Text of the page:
[Computer-go] Converging to 57%
alvaro.begue at gmail.com
Tue Aug 23 06:44:23 PDT 2016
There are situations where carefully crafting the minibatches makes sense.
For instance, if you are training an image classifier it is good to build
the minibatches so the classes are evenly represented. In the case of
predicting the next move in go I don't expect this kind of thing will make
much of a difference.
I got to around 52% on a subset of GoGoD using ideas from the ResNet paper (
https://arxiv.org/abs/1512.03385). I used 128x20 followed by 64x20 and
finally 32x20, with skip connections every two layers. I started the
training with Adam(1e-4) and later on I lowered it to 1e-5 and eventually
1e-6. The only inputs I use are the signed count of liberties (positive for
black, negative for white), the age of each stone capped at 8, and a block
of ones indicating where the board is.
I'll be happy to share some code if people are interested.
On Tue, Aug 23, 2016 at 7:29 AM, Gian-Carlo Pascutto <gcp at sjeng.org> wrote:
> On 23/08/2016 11:26, Brian Sheppard wrote:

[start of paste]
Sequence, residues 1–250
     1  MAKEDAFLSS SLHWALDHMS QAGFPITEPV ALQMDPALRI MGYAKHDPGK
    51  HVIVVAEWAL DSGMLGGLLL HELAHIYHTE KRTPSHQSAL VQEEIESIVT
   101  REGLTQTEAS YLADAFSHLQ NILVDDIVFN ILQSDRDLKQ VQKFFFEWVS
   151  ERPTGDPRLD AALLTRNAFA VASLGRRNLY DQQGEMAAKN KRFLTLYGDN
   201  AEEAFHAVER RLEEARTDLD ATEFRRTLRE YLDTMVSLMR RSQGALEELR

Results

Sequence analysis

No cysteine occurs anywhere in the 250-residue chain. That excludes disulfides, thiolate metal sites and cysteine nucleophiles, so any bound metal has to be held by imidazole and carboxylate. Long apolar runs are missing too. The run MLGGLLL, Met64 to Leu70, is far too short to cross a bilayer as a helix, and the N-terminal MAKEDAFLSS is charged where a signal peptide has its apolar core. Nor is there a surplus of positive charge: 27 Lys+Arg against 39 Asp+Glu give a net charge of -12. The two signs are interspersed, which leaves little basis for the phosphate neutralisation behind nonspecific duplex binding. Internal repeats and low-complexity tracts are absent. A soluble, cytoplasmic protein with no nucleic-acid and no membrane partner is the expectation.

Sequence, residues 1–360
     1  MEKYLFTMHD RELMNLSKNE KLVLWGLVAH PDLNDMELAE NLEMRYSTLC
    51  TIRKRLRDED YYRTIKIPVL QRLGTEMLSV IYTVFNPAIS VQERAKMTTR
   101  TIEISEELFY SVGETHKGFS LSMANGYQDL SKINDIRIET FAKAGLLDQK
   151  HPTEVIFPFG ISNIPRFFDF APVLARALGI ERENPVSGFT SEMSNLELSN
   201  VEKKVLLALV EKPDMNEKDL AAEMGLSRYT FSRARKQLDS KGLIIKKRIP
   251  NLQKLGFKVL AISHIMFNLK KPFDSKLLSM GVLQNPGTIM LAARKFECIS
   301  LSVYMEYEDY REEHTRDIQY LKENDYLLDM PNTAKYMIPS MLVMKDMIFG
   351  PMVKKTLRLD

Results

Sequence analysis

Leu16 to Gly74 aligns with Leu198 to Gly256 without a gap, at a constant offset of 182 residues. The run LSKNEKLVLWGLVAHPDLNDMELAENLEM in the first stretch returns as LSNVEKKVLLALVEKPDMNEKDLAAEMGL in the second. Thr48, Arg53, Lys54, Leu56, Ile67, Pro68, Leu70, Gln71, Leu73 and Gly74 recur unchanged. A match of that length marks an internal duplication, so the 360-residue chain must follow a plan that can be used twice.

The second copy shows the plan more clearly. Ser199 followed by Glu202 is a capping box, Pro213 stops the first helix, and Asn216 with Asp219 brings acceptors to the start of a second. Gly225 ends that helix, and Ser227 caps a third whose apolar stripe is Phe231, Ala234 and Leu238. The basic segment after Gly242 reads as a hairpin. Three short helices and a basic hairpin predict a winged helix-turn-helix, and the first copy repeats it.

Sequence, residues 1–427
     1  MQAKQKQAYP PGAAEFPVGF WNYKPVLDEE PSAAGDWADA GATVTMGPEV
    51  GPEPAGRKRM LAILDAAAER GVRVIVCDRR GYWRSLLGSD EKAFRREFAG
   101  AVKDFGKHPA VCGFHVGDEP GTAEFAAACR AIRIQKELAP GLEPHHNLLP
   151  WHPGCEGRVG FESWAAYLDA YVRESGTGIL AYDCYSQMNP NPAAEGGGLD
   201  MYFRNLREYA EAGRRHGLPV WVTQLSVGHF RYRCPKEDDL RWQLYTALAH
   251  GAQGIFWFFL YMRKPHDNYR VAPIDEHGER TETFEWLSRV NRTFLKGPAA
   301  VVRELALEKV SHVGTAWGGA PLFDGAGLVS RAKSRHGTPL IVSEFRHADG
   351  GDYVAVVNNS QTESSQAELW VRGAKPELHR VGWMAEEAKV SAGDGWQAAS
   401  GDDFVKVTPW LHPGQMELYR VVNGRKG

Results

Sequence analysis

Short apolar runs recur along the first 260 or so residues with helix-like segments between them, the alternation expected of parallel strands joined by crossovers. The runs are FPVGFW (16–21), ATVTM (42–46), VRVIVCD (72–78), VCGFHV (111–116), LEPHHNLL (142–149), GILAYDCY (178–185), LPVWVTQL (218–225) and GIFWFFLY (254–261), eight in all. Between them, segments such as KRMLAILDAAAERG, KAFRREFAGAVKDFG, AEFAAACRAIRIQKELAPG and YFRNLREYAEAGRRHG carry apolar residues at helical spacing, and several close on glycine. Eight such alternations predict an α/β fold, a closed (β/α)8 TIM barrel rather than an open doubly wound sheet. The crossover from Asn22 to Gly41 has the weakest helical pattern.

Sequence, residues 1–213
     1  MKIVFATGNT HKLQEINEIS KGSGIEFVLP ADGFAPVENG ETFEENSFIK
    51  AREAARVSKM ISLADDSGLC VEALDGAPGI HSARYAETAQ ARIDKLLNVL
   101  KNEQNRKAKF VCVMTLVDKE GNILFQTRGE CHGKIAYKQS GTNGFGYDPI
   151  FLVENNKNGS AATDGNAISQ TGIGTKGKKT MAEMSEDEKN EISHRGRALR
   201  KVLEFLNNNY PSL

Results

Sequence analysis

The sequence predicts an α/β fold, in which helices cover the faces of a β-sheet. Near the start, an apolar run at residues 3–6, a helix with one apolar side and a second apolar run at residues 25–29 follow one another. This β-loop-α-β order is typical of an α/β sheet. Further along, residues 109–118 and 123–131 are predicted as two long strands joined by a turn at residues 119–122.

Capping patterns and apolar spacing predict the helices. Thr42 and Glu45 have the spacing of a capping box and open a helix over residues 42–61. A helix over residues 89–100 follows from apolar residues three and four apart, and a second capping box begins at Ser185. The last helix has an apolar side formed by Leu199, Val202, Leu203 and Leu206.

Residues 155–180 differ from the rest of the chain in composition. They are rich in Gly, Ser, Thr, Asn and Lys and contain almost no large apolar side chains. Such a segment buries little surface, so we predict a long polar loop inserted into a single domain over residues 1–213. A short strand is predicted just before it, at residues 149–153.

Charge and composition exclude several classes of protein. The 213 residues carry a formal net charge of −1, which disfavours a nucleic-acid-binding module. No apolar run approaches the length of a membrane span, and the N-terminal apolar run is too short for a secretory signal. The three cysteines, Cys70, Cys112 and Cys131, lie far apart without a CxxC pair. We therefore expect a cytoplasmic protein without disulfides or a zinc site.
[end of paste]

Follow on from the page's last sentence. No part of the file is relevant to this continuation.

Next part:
> > The learning rate seems much too high. My experience (which is from
> > backgammon rather than Go, among other caveats) is that you need tiny
> > learning rates. Tiny, as in 1/TrainingSetSize.
> I think that's overkill, as in you effectively end up doing batch
> gradient descent instead of mini-batch/SGD.
> But yes, 0.01 is rather high with momentum. Try 0.001 for methods with
> momentum, and with the default Adam parameters you have to go even lower
> and try 0.0001.
> > Neural networks are dark magic. Be prepared to spend many weeks just
> > trying to figure things out. You can bet that the Google & FB results
> > are just their final runs.
> As always it's sad nobody publishes what didn't work saving us the time
> of trying it all over again :-)
> > Changing batching to match DarkForest style (making sure that a
> > minibatch contains samples from game phases... for example
> > beginning, middle and end-game).
> This sounds a bit suspicious. The entries in your minibatch should be
> randomly selected from your entire training set, so statistically having
> positions from all phases would be guaranteed. (Or you can shuffle the
> entire training set before the epoch, instead of randomly picking during
> Don't feed the positions in in-order or from the same game...
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